Interaction of the Antimicrobial Peptides Rhesus θ-Defensin and Porcine Protegrin-1 with Anionic Phospholipid Monolayers

Ivana Knyght, Luke Clifton, Yussif Saaka, M. Jayne Lawrence, David J. Barlow*

*Corresponding author for this work

Research output: Contribution to journalArticlepeer-review

10 Citations (Scopus)
252 Downloads (Pure)

Abstract

A combination of Langmuir isotherm, Brewster angle microscopy (BAM), and neutron reflectivity studies have been performed to gain insight into the effects on model bacterial cell membranes of the antimicrobial peptides, Rhesus θ-defensin 1 (RTD-1), and porcine protegrin 1 (PG-1). The peptides were interacted with monolayers spread at the air-water interface and prepared from a 3:1 molar mixture of phosphatidylethanolamine and phosphatidylglycerol used to approximate the cell membranes of Gram positive bacteria. The Langmuir film balance measurements show that both peptides perturb the lipid monolayers causing an increase in surface pressure, and the BAM studies show that each results in the formation of small domains within the lipid films, around 5 μm diameter. The overall change in monolayer surface pressure caused by PG-1, however, is a little more pronounced than that due to RTD-1 (+8.5 mN·m-1 vs +5.5 mN·m-1), and the rate of its initial interaction with the monolayer is a little more rapid than that for RTD-1. The neutron reflectivity studies also show differences for PG-1 and RTD-1, with the model fits to these data showing that the more amphiphilic PG-1 becomes fully embedded within the lipid film-causing an extension of the lipid acyl chains but leaving the thickness of the lipid headgroup layer unaffected-while RTD-1 is seen to insert less deeply-causing the same extension of the lipid acyl chains as PG-1 but also causing a significant increase in thickness of the lipid headgroup layer. The various differing effects of the two peptides on anionic lipid monolayers are discussed in the context of their differing hemolytic activities, and their proposed differing propensities to form transmembrane pores.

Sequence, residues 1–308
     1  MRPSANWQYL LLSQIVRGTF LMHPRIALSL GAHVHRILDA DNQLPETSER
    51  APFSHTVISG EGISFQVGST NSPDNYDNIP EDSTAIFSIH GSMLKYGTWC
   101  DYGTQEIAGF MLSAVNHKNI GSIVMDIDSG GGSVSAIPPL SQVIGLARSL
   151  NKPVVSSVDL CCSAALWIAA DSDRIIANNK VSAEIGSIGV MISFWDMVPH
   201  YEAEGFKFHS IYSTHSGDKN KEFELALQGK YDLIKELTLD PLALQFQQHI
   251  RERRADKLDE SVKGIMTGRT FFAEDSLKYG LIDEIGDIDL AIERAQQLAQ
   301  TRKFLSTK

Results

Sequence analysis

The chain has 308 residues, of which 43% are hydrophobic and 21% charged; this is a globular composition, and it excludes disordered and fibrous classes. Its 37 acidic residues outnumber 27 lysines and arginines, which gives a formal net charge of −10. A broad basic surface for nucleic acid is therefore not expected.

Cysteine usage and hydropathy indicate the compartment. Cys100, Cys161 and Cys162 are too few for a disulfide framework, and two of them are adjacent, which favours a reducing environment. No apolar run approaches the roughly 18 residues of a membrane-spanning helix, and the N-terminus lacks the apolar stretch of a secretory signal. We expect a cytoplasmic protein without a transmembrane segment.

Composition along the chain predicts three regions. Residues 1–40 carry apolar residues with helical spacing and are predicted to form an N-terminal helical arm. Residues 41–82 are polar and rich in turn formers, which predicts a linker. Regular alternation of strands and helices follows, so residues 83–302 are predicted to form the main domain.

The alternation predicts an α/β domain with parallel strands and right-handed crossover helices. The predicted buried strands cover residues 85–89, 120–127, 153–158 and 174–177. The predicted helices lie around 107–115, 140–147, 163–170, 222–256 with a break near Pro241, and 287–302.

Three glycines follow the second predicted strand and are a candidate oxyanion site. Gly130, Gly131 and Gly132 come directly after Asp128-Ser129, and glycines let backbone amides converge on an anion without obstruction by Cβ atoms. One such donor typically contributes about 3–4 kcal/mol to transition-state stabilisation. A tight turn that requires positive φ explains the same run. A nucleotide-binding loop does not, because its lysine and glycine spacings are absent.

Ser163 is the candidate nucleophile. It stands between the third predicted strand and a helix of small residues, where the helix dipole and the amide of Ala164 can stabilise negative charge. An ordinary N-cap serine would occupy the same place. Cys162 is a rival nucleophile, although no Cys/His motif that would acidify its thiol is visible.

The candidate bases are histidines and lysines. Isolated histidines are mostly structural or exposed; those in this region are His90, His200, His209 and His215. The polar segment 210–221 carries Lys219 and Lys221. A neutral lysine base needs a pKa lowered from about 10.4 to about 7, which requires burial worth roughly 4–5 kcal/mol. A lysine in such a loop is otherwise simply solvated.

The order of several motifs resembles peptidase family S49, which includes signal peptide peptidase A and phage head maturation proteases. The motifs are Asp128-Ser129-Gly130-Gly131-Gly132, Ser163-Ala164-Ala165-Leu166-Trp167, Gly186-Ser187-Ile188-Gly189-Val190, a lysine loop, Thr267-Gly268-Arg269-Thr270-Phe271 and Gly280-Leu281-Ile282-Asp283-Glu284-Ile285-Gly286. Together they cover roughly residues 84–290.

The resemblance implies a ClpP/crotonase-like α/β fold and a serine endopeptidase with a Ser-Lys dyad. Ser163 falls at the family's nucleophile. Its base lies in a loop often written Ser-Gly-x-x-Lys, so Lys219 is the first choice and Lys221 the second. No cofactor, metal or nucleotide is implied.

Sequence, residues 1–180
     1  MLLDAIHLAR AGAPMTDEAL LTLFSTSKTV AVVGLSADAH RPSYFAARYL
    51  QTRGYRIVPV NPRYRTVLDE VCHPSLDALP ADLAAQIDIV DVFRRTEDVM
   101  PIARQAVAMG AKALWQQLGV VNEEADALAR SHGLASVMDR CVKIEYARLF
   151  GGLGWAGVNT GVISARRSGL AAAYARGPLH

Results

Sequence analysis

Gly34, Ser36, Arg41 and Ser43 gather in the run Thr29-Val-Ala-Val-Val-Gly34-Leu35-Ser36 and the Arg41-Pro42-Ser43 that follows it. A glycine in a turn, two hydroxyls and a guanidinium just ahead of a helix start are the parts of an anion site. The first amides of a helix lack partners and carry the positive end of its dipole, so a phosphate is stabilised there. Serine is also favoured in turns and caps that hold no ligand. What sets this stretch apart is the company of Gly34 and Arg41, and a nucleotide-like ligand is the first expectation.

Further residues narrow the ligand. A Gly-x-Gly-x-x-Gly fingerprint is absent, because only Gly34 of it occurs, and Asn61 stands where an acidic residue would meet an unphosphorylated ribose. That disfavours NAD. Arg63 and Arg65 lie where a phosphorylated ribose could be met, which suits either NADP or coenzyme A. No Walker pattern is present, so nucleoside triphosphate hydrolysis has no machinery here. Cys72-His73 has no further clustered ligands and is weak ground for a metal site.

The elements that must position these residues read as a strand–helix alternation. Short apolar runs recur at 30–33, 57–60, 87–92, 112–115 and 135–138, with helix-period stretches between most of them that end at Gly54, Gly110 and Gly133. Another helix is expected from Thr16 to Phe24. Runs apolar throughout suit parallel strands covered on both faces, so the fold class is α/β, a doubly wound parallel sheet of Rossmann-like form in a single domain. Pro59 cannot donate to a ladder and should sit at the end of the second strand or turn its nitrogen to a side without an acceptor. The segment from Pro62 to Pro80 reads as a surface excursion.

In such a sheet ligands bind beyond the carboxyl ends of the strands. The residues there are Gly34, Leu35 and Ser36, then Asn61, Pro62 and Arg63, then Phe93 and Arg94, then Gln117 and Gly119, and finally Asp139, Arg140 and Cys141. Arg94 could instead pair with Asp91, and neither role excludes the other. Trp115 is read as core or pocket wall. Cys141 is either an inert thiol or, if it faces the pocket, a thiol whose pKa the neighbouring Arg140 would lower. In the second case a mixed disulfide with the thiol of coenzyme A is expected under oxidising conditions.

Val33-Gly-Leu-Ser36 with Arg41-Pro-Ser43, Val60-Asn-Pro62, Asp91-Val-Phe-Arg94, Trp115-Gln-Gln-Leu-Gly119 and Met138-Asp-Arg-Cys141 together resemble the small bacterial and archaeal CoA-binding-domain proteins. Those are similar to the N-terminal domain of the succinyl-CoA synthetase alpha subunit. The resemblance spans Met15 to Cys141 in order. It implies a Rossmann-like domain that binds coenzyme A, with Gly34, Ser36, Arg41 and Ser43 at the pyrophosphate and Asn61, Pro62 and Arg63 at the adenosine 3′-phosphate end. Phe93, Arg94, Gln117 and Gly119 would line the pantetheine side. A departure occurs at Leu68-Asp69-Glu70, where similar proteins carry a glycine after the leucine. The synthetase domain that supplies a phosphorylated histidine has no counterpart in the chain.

Original languageEnglish
Pages (from-to)7403-7410
Number of pages8
JournalLangmuir : the ACS journal of surfaces and colloids
Volume32
Issue number29
DOIs
Publication statusPublished - 26 Jul 2016

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